Halloween hijinks: Japan’s best Dracula media (and maybe some other vampires)

With seemingly everyone gearing up for Halloween, a blog dedicated to monster media really ought to join the celebration, shouldn’t it? To that end, we’ll be having a series of articles posted during the weeks leading up to Halloween focusing on appropriate seasonal subjects.

We’ve covered Frankenstein and the Wolf Man, so for you Universal Monster fans, there’s one obvious character left to complete the triumvirate: Dracula. (I mean, I guess I could’ve gone with the Invisible Man, but I haven’t seen too many of those movies, and the only Japanese analogue to The Mummy I could think of was Yugioh.)

Vampires are the superstar glam rockers of the supernatural community, and as a result they’re so popular in anime and manga that it’s passed into cliche. Well, maybe you can’t swing a dead bat without running into a couple vampire protagonists, but limiting things to Dracula himself certainly reduces the field. Sure, he might be the most iconic horror character in the world, the second-most popular character in all of literature, but Dracula’s still a foreigner, which both complicates the prospects of getting gaijin actors and means competing with the lots of other Draculas coming in from the west.

Toho even made a whole trilogy of movies with Dracula’s name in which he doesn’t appear (okay, those are usually called the Bloodthirsty films, but still). They’re good, Hammer/giallo-inspired stuff, but the international titles are a little disingenuous!

That said, this list of my personal favorite Japanese Dracula stuff won’t dip nearly as obscure as the previous lists have (so you won’t have to worry about combing around for the likes of The Vampire Dracula Appears in Kobe based on my recommendation). Let’s get started:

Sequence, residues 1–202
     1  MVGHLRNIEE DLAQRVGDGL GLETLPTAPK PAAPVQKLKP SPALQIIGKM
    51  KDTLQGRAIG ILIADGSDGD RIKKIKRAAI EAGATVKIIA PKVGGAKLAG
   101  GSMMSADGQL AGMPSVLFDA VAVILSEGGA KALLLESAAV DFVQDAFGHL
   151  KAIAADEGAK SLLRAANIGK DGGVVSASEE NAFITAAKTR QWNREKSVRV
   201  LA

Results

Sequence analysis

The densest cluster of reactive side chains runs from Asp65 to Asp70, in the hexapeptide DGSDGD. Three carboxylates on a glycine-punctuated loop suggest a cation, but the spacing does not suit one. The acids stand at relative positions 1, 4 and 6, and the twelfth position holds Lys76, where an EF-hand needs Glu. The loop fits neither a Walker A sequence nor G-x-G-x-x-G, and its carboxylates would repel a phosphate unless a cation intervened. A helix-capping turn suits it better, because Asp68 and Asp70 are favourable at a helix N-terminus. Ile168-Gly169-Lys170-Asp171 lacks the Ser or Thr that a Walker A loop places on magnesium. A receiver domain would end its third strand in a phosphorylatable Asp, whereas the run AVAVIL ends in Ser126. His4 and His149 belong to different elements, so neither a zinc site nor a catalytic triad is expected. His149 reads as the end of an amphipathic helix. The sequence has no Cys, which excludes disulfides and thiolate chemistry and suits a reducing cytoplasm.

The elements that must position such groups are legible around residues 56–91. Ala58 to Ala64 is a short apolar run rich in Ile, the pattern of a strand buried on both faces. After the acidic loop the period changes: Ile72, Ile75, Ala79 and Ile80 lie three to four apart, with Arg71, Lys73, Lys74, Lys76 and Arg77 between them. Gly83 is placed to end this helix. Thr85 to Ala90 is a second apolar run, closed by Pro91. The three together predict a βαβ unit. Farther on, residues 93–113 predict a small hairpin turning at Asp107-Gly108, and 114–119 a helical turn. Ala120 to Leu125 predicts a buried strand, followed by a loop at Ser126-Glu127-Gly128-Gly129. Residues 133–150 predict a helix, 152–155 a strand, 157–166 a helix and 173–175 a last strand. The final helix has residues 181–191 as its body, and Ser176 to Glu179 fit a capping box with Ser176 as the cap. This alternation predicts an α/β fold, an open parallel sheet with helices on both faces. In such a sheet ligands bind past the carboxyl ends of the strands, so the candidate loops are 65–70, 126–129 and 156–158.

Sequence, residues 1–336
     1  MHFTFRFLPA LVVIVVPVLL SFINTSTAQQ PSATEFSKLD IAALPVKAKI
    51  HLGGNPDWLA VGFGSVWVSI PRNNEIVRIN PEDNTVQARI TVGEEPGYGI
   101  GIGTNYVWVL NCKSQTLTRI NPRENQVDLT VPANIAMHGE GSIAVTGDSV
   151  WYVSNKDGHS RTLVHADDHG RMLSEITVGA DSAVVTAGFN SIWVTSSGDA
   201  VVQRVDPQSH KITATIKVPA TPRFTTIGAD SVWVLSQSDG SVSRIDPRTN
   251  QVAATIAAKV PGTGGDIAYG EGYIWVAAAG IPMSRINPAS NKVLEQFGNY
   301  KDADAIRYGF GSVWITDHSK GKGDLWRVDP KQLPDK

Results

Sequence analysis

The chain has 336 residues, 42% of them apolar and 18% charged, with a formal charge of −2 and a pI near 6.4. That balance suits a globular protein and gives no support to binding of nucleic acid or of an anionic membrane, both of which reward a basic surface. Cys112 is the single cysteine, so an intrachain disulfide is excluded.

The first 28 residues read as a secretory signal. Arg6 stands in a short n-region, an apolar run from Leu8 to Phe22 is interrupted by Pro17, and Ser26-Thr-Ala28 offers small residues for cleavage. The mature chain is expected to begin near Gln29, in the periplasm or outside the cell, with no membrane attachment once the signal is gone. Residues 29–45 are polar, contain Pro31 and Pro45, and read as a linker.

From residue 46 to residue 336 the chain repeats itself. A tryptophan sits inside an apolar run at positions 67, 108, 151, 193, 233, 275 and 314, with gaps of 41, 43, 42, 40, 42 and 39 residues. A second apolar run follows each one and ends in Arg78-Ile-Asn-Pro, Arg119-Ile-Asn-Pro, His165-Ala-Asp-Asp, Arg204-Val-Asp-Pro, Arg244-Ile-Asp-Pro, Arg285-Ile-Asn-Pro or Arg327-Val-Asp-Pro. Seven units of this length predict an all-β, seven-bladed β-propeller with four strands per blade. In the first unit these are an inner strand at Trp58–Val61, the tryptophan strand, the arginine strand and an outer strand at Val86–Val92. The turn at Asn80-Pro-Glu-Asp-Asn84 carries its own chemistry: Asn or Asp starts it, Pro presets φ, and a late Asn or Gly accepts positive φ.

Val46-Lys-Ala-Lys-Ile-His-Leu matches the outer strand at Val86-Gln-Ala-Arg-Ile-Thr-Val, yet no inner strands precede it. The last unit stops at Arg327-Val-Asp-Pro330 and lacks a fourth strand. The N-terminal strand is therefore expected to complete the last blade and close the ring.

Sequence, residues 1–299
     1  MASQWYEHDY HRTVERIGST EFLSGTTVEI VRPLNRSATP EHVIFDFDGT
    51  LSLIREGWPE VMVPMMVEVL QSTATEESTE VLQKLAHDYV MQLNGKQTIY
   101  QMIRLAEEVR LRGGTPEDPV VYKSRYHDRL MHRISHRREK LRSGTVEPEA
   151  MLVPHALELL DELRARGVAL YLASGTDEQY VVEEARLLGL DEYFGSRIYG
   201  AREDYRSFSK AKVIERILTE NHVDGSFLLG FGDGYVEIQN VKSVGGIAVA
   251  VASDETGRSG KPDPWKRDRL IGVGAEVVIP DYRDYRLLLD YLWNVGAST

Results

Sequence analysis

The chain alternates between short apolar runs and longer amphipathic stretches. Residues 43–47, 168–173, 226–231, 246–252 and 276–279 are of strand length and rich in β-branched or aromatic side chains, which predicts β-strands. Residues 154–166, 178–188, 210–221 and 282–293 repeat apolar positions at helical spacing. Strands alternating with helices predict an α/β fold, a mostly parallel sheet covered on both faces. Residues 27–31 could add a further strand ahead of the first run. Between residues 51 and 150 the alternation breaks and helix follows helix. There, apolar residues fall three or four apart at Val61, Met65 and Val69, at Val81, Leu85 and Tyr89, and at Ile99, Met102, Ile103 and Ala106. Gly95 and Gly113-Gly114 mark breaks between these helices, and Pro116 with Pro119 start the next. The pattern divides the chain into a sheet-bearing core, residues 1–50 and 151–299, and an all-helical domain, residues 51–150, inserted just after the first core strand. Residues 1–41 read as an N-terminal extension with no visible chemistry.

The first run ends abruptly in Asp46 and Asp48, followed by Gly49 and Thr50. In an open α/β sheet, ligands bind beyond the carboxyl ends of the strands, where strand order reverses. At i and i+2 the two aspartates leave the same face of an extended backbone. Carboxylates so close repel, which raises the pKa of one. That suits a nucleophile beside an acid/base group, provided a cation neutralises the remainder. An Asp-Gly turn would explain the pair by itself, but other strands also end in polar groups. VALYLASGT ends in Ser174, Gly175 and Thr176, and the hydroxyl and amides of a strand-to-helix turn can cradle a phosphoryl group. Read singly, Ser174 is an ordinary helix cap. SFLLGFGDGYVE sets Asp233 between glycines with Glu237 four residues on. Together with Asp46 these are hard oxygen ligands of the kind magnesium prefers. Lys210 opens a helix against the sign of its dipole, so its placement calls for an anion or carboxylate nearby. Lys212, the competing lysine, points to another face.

5) Maybe I fibbed just now, because My Soul is Slashed (1991) is sort of obscure. Also known as From Dracula with Love, this movie features a hero getting a blood transfusion from Dracula and becoming a vampire himself, a precursor to the Korean movie Thirst (2009). The film won a few awards in Japan, and got some recognition for touching on the subject of HIV (a big deal in 1991), but mostly it’s significant for seriously launching the monster-movie career of Shusuke Kaneko.

4) Don Dracula is Osamu Tezuka’s comedy about a bumbling single dad Dracula. Sadly, the company producing the anime version went bankrupt during the run, so only eight episodes were made. Thanks to Tezuka’s star system, however, his version of the Dracula character has been able to pop up again in many subsequent works.

3) If there’s one thing I can appreciate in media, it’s the audacity of a doing something completely insane, and that’s what Dracula: Sovereign of the Damned (1980) is all about. Based on the Tomb of Dracula comics, which were pretty crazy even by 1970s Marvel standards (let that sink in), this anime movie features present-day Dracula stealing a virgin sacrifice from a demon (incurring the wrath of the demon’s followers) and marrying the woman, then her having a kid who gets killed and then grows up into a spandex-wearing hero who can turn into a bird. That’s just the tip of the WTF- meter; this movie is most famous for Dracula eating a hamburger, for reasons that may not be obvious until you watch. If that isn’t enough to intrigue you, there’s little more I can say.

2) Hellsing is pretty popular, but for those who don’t know, it’s a manga series about Dracula (now going by “Alucard” a la Son of Dracula), captured and made of a servant of the van Helsing family, on missions to fight Nazi werewolves and ghouls and psychotic priests and whatnot. For maximum violence and psychedelic imagery, I’d recommend going with the manga or the Hellsing Ultimate OVA series, and passing over the TV series incarnation.